Search Listing Details

National Park, Conservation Park and Nature Reserve
Responsible agency
Department of Biodiversity, Conservation and Attractions

National Park, Conservation Park or Nature Reserve are categories of land protected for the purposes of nature conservation and public recreation. As of 1 July 2013 the formerly named Department of Conservation and Land Management and the Department of Environment and Conservation, became the Department of Biodiversity, Conservation and Attractions (DBCA).


The Department of Biodiversity, Conservation and Attractions (DBCA) manages lands and waters throughout WA to conserve ecosystems and species, and to provide for recreation and appreciation of the natural environment. Some of DBCA's onground management responsibilities include the protection and management of native plants, animals and ecosystems; fire management and preparedness on  DBCA managed lands; sustainable management and protection of natural resources; and the acquisition, development and management of areas for recreation and nature appreciation.    

The land DBCA manages covers more than 28 million hectares (or ten per cent) of lands and waters in WA, which collectively receive around 11 million visits each year. These lands include national parks, conservation parks and reserves, marine parks and reserves, regional parks, nature reserves, State forest and timber reserves. The DBCA managed conservation estate is vested with the Conservation Commission of WA, where in the past the land was vested with either the National Parks Authority or the Western Australian Wildlife Authority.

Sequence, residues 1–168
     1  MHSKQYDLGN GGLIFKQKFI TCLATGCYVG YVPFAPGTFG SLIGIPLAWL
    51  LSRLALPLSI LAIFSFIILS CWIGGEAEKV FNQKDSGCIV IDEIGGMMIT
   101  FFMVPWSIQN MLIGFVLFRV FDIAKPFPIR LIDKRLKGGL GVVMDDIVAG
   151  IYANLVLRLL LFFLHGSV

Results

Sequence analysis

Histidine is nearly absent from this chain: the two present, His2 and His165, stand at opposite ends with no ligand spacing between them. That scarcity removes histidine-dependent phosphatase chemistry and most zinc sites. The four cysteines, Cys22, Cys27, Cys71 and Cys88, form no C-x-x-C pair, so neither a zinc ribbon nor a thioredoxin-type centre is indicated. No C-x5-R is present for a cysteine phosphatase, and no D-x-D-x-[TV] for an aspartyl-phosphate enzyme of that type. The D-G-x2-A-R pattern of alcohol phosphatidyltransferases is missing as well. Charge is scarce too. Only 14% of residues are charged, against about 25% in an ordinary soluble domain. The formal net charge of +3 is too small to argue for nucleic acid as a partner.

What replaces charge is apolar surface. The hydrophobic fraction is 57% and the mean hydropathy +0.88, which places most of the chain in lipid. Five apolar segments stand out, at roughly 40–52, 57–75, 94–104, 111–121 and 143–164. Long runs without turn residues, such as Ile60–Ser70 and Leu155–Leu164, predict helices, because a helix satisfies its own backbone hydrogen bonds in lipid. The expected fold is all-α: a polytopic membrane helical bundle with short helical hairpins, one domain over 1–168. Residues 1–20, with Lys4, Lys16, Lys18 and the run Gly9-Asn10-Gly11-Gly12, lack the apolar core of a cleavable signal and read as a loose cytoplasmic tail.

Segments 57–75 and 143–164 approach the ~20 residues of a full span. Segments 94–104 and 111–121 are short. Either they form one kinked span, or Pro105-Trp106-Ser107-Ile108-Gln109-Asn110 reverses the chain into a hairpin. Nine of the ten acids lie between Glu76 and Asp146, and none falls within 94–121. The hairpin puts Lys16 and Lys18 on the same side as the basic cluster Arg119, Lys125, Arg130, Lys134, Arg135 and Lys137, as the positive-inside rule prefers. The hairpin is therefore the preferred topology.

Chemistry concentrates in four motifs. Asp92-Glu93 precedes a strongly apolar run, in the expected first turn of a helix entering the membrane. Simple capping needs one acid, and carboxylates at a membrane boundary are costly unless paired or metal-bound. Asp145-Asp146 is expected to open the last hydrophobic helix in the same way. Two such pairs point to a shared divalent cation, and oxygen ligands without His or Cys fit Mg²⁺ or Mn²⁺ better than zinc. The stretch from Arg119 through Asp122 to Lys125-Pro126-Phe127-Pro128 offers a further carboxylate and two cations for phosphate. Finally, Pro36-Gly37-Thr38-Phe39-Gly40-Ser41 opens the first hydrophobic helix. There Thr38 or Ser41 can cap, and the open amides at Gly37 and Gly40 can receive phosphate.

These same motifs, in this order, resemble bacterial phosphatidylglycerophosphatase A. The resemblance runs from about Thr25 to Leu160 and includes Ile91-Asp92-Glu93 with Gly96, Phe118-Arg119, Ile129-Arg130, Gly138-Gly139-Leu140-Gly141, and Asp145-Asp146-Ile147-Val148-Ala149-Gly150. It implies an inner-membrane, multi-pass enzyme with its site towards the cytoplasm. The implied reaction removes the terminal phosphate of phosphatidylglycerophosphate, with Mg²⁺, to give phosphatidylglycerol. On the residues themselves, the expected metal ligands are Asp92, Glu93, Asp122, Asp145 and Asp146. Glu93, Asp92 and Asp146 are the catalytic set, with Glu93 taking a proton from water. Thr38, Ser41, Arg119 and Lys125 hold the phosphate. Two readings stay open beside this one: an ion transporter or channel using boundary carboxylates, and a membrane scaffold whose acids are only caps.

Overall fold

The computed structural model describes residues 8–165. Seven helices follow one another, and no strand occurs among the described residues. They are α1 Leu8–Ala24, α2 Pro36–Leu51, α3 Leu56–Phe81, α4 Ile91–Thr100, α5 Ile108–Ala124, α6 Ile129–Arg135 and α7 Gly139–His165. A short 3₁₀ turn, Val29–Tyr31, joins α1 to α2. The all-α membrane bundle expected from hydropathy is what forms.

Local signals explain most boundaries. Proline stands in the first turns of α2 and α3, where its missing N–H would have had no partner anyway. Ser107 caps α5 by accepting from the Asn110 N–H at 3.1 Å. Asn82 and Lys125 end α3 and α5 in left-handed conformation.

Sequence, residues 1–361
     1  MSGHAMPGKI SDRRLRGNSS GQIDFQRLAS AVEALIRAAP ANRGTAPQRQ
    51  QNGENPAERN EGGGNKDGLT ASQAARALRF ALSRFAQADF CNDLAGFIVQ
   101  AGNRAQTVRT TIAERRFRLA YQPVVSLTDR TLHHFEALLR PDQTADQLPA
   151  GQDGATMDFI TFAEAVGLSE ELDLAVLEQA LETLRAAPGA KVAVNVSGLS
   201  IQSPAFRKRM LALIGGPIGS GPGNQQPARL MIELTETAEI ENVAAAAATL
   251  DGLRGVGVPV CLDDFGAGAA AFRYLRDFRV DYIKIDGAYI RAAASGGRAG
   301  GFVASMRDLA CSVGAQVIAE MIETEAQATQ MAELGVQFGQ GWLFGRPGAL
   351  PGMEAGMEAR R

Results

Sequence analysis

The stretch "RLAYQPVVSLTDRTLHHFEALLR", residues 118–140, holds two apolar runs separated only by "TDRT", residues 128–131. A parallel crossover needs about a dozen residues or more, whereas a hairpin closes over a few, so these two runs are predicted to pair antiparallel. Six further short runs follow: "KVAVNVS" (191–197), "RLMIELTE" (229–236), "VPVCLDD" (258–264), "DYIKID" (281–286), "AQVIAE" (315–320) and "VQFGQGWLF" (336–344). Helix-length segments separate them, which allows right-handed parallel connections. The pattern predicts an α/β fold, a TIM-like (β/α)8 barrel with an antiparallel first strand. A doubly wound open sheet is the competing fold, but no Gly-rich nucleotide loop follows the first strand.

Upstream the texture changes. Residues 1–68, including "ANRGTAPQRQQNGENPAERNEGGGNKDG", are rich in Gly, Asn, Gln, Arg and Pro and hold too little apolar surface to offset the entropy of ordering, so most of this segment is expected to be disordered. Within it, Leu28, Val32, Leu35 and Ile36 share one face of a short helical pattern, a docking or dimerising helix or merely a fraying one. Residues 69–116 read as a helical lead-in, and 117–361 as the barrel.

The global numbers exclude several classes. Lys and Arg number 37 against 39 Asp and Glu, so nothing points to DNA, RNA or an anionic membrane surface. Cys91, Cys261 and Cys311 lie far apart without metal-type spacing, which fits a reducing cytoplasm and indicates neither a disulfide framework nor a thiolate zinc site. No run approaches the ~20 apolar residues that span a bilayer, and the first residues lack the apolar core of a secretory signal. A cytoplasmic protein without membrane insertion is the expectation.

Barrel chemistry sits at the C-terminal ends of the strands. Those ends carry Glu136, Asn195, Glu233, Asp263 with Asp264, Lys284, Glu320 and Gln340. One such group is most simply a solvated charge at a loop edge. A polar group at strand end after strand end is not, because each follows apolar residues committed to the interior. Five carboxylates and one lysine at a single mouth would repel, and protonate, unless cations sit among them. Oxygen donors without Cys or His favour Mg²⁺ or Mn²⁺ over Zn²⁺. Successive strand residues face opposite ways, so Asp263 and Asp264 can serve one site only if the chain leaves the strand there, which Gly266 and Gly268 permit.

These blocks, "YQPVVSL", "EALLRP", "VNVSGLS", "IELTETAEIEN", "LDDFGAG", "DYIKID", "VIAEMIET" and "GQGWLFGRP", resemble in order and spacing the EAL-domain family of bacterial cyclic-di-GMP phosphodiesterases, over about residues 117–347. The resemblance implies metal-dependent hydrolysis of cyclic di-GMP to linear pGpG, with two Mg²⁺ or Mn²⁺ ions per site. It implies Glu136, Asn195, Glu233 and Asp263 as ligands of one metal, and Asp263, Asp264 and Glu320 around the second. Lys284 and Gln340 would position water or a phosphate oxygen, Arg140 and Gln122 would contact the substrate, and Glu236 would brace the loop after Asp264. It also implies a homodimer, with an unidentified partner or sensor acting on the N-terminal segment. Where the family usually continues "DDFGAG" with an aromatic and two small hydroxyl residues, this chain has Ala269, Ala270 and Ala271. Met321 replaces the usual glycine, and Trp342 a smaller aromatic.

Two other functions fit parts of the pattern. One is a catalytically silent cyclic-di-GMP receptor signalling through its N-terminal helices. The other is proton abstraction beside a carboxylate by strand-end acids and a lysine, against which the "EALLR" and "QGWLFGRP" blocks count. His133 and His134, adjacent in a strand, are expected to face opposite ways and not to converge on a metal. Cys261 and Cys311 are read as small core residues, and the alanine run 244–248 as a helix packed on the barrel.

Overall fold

DBCA’s Good Neighbour policy provides guidance on management issues relating to lands that abut DBCA managed lands. Some of these issues include fencing and illegal access, fire management, control of weeds, control of introduced pest animals, control of native species and straying stock. In some instances a notification on title is placed on those lands that abut DBCA estate, to advise the adjacent landholder of potential DBCA management implications such as prescribed burning or 1080 baiting. Access to, or through, some areas of DBCA managed lands may require a permit or could be restricted due to management activities.   

Acquisition or leasing of DBCA managed lands for commercial enterprises, mining or public infrastructure requires various legislative approvals and assessments. Proposed land use changes and development proposals that abut DBCA managed lands will ordinarily be referred to DBCA by decision making authorities i.e Shires or the Western Australian Planning Commission. If appropriate DBCA will provide comments relating to any potential impacts on DBCA managed lands, or other environmental factors relating to the Conservation and Land Management Act 1984 and Wildlife Conservation Act 1950 such as threatened fauna, threatened and priority flora, and wetlands of conservation significance. 

For further information contact the Land Planning Program Coordinator (statutory and strategic planning) on 9442 0306 or the Land Services Coordinator (land tenure) on 9219 8771. Visit or email

Date updated
05/07/2017 18:17:14